• Individuals who are using blood thinners should not consume alfalfa due to the high vitamin K content.
    • Alfalfa can cause severe negative effects in people with autoimmune disorders. The immune stimulating property of the herb may reactivate the disorders.
    • Individuals having a compromised immune system should not consume alfalfa due to the chances of the herb being contaminated by bacteria.
    • Women suffering from breast cancer should avoid alfalfa due to its oestrogenic qualities[22] .
    • Alfalfa may react with diabetes medications, resulting in dangerously low blood sugar that can lead to lightheadedness, fainting, and cognitive confusion.
    View Article References
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    2. [2] Wang, J. C., & Kinsella, J. E. (1976). Functional properties of novel proteins: Alfalfa leaf protein. Journal of Food Science, 41(2), 286-292.
    3. [3] Kao, K. N., & Michayluk, M. R. (1980). Plant regeneration from mesophyll protoplasts of alfalfa. Zeitschrift für Pflanzenphysiologie, 96(2), 135-141.
    4. [4] Thomas, M. D., Hendricks, R. H., Collier, T. R., & Hill, G. R. (1943). The utilization of sulphate and sulphur dioxide for the sulphur nutrition of alfalfa. Plant physiology, 18(3), 345.
    5. [5] Reddy, B. S., Watanabe, K., & Sheinfil, A. (1980). Effect of dietary wheat bran, alfalfa, pectin and carrageenan on plasma cholesterol and fecal bile acid and neutral sterol excretion in rats. The Journal of Nutrition, 110(6), 1247-1254.
    6. [6] Donalson, L. M., Kim, W. K., Woodward, C. L., Herrera, P., Kubena, L. F., Nisbet, D. J., & Ricke, S. C. (2005). Utilizing different ratios of alfalfa and layer ration for molt induction and performance in commercial laying hens. Poultry Science, 84(3), 362-369.
    7. [7] Lu, C. D., & Jorgensen, N. A. (1987). Alfalfa saponins affect site and extent of nutrient digestion in ruminants. The Journal of nutrition, 117(5), 919-927.Sharan, F. (1995). Natural treatment of menopause using herbs. Alternative and Complementary Therapies, 1(3), 147-153
    8. [8] Swanston-Flatt, S. K., Day, C., Bailey, C. J., & Flatt, P. R. (1990). Traditional plant treatments for diabetes. Studies in normal and streptozotocin diabetic mice. Diabetologia, 33(8), 462-464.
    9. [9] Sharan, F. (1995). Natural treatment of menopause using herbs. Alternative and Complementary Therapies, 1(3), 147-153.
    10. [10] Pugh, N. D., Balachandran, P., Lata, H., Dayan, F. E., Joshi, V., Bedir, E., ... & Pasco, D. S. (2005). Melanin: dietary mucosal immune modulator from Echinacea and other botanical supplements. International immunopharmacology, 5(4), 637-647.
    11. [11] Gergely, V., Montes-Bayón, M., Fodor, P., & Sanz-Medel, A. (2006). Selenium species in aqueous extracts of alfalfa sprouts by two-dimensional liquid chromatography coupled to inductively coupled plasma mass spectrometry and electrospray mass spectrometry detection. Journal of agricultural and food chemistry, 54(13), 4524-4530.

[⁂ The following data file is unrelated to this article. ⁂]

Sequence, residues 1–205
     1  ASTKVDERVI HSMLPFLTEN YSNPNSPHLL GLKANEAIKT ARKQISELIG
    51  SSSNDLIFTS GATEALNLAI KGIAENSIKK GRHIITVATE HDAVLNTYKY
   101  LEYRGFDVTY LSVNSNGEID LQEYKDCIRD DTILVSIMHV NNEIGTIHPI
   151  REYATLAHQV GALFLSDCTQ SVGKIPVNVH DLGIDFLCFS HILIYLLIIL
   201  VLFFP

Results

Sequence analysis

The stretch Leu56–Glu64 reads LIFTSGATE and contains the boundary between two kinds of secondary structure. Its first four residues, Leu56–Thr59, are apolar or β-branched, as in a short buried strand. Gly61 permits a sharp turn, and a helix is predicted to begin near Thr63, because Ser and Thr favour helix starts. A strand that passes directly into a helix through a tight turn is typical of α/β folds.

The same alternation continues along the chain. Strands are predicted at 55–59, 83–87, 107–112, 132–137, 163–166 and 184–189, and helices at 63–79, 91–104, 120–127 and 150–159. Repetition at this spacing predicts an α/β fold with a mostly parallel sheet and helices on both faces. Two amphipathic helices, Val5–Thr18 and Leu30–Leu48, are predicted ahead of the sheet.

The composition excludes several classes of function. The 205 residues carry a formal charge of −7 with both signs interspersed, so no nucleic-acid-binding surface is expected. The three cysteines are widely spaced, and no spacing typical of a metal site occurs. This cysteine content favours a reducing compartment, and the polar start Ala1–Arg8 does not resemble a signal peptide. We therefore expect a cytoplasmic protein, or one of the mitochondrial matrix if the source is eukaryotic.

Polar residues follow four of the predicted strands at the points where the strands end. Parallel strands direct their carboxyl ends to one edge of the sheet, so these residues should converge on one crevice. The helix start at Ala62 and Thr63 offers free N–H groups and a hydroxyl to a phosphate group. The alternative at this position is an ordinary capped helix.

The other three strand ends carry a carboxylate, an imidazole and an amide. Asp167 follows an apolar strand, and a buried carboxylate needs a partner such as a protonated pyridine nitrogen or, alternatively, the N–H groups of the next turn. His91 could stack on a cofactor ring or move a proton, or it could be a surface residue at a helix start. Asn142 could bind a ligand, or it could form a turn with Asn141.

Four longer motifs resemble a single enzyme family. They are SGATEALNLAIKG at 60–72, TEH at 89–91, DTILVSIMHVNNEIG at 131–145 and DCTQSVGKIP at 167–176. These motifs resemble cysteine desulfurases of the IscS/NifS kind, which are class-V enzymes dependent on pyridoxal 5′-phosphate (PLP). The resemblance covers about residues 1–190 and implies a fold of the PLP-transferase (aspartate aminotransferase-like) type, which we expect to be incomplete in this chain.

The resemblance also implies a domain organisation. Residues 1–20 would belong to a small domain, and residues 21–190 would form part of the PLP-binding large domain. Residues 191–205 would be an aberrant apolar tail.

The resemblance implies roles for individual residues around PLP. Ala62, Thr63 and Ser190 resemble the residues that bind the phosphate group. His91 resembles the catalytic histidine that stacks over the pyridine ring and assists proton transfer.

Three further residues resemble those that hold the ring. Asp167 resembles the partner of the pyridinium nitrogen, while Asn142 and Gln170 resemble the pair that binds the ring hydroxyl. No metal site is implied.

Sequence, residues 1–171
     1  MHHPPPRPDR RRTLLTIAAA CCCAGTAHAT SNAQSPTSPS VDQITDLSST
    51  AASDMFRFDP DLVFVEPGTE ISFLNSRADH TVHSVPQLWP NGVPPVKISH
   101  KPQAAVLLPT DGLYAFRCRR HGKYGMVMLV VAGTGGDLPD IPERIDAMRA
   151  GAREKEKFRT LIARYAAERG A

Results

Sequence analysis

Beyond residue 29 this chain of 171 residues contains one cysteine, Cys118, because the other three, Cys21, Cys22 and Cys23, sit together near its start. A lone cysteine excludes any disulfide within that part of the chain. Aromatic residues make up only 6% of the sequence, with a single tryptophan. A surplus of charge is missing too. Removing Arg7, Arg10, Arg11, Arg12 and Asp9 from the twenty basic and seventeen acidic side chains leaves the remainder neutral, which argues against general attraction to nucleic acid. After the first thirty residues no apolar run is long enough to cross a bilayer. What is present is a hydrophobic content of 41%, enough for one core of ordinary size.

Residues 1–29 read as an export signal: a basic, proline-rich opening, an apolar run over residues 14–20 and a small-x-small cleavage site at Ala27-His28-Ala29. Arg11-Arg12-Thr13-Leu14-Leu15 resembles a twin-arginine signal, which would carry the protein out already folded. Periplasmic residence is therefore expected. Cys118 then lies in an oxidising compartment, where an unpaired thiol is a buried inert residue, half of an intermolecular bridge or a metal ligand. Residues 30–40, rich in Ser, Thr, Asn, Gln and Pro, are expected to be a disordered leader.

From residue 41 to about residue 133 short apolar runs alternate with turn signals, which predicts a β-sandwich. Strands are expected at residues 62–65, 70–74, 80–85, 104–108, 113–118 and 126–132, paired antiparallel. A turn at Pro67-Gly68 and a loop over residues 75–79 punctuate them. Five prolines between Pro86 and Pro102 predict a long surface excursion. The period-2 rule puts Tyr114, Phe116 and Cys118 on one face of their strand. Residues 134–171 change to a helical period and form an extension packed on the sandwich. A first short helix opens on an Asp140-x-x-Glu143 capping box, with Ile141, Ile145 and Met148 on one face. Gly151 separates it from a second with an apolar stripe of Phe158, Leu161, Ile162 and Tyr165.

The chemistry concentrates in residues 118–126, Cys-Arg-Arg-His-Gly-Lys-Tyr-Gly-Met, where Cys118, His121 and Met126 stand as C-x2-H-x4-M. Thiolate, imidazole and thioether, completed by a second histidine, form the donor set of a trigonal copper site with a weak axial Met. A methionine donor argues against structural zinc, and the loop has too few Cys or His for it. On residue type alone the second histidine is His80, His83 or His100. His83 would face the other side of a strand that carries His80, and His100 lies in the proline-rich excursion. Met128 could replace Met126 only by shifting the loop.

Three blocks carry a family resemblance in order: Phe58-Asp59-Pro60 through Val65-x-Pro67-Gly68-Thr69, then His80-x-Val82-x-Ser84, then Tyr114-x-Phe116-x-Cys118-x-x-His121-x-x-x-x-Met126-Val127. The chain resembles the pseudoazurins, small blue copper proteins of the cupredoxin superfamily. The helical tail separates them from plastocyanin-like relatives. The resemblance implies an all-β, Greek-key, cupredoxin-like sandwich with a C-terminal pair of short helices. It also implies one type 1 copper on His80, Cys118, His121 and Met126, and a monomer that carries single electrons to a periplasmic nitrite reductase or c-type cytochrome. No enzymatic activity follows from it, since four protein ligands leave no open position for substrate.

12. [12] Kaur, C., & Kapoor, H. C. (2001). Antioxidants in fruits and vegetables–the millennium’s health. International journal of food science & technology, 36(7), 703-725
    13. [13] Hess, E. V., & Litwin, A. (1985). Drug-Related Rheumatic Diseases. In Immunology of Rheumatic Diseases (pp. 651-668). Springer, Boston, MA.
    14. [14] Robillard, N. (2005). Heartburn Cured: The Low Carb Miracle. Self-health Publishing.
    15. [15] Plaza, L., de Ancos, B., & Cano, P. M. (2003). Nutritional and health-related compounds in sprouts and seeds of soybean (Glycine max), wheat (Triticum aestivum. L) and alfalfa (Medicago sativa) treated by a new drying method. European Food Research and Technology, 216(2), 138-144.
    16. [16] Hong, Y. H., Chao, W. W., Chen, M. L., & Lin, B. F. (2009). Ethyl acetate extracts of alfalfa (Medicago sativa L.) sprouts inhibit lipopolysaccharide-induced inflammation in vitro and in vivo. Journal of Biomedical Science, 16(1), 64.
    17. [17] Malinow, M. R., McLaughlin, P., & Stafford, C. (1980). Alfalfa seeds: effects on cholesterol metabolism. Experientia, 36(5), 562-564.
    18. [18] Fransisca, L., Park, H. K., & Feng, H. (2012). E. coli O157: H7 population reduction from alfalfa seeds with malic acid and thiamine dilauryl sulfate and quality evaluation of the resulting sprouts. Journal of food science, 77(2), M121-M126.
    19. [19] Pinter, A. J. (1968). Hair growth responses to nutrition and photoperiod in the vole, Microtus montanus. American Journal of Physiology-Legacy Content, 215(4), 828-832.
    20. [20] Yummly. (2018, 19 Feb). Alfalfa Recipes. https://www.yummly.com/recipes?q=alfalfa&taste-pref-appended=true
    21. [21] Marton, M., Mandoki, Z. S., Csapo-Kiss, Z. S., & Csapo, J. (2010). The role of sprouts in human nutrition. A review. Acta Univ. Sapientiae, 3, 81-117.
    22. [22] Branca, F., & Lorenzetti, S. (2005). Health effects of phytoestrogens. In Diet diversification and health promotion(Vol. 57, pp. 100-111). Karger Publishers.

    Story first published: Monday, February 18, 2019, 17:16 [IST]